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Ever wondered what a Toyota Supra papercraft model looks like when drifting around a speed shop? If so, you’re weird, but wonder no more.

Papadakis Racing, best known for its three Formula Drift titles, took on a project of a different scale this week, folding together a teensy Toyota GR Supra in its own Rockstar Energy livery and setting it up on video for some stop-motion racing. The short YouTube flick also features an origami Papadakis Racing Toyota Corolla miniature, which in real life boasts 1,000 horsepower (746 kilowatts) and rear wheel drive. Sidebar: The Gumout-livery Corolla isn’t the first time Papadakis applied a driveline swap to the compact car either.

Together, the Rockstar Supra and the Gumout Corolla sweep and drift and dodge a variety of obstacles – among them a rotating crankshaft, a bandsaw, and the tight confines of air intake tubing. Behind the Papadakis cars are a veritable fleet of Toyota 86 coupes made from paper, which get knocked out of contention by the aforementioned hazards one by one.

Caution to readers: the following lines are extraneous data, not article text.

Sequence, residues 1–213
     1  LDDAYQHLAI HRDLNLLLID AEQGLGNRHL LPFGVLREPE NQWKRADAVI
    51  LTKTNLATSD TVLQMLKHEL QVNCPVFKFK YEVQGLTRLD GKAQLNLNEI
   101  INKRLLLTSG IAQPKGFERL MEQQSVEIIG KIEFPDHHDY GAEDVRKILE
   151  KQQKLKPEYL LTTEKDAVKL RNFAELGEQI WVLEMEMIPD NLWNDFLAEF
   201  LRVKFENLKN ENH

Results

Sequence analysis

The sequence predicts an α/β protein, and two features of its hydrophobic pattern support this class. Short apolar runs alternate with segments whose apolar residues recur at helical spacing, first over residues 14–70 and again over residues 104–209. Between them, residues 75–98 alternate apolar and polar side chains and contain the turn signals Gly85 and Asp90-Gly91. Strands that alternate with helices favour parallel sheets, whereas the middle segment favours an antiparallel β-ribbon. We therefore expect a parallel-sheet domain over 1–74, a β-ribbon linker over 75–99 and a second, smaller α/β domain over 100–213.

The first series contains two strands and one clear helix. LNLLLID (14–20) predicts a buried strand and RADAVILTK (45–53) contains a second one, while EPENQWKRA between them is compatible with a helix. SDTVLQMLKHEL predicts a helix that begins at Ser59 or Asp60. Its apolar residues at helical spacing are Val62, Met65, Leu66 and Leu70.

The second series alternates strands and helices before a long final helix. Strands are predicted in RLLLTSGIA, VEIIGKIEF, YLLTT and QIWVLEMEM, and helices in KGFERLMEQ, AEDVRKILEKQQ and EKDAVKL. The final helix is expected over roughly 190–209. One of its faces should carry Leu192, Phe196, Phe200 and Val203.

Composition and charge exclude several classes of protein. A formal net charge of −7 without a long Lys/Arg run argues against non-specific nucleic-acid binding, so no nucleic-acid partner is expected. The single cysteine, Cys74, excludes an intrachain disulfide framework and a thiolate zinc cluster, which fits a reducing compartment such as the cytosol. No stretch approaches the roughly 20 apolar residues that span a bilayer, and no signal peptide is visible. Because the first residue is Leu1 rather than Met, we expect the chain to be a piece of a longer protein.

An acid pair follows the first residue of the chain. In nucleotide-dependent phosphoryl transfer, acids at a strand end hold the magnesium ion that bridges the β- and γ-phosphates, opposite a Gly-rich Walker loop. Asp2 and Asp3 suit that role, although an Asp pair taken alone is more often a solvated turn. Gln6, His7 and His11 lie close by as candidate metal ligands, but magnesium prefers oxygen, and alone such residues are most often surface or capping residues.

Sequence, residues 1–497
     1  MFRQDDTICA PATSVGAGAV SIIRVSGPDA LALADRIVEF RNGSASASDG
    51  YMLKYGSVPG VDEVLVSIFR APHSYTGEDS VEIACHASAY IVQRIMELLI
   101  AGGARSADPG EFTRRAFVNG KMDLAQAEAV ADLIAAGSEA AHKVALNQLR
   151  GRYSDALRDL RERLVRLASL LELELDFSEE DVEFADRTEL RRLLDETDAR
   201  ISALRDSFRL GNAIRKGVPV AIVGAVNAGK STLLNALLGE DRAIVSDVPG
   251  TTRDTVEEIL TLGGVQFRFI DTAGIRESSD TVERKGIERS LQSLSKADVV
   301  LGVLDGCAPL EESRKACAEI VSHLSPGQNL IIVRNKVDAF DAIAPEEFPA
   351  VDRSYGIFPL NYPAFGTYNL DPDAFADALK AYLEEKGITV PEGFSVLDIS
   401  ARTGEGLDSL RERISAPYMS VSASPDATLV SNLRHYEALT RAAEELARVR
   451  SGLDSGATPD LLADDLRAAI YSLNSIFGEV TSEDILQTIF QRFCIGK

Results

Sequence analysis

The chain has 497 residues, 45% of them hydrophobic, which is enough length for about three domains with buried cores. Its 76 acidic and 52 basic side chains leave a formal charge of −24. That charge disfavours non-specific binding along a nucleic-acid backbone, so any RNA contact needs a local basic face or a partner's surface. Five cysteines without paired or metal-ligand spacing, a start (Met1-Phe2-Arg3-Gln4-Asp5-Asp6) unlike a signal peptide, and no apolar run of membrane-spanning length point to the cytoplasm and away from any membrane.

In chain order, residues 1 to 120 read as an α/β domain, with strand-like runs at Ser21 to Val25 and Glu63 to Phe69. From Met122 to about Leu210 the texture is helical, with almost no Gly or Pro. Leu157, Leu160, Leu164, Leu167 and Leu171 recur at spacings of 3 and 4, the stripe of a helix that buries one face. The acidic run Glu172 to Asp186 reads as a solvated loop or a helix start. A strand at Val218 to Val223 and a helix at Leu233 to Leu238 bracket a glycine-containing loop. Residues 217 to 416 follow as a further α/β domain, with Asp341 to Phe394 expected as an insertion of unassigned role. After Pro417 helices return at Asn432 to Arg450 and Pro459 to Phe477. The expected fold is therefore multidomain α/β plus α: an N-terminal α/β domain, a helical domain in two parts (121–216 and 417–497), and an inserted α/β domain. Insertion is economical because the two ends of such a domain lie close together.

The production value of the video is pretty good too. Tire smoke (by way of cotton balls) and smooth transitions are the order of the day, with lots of fun details for the eagle-eyed (see how many real-life Papadakis Racing builds you can spot in the short video). Plus, massive amounts of performance parts are on full display, helping define the little racing cars’ “track” and publicizing the shop's prowess at turning garden-variety Toyotas into bona fide competition cars.

Sure, stop-motion animation may not be quite as exciting as real-life racing. But for now, while we’re all stuck at home amid coronavirus concerns, Papadakis’ video is a welcome distraction.

Gallery: Toyota Supra Papercraft Drifting

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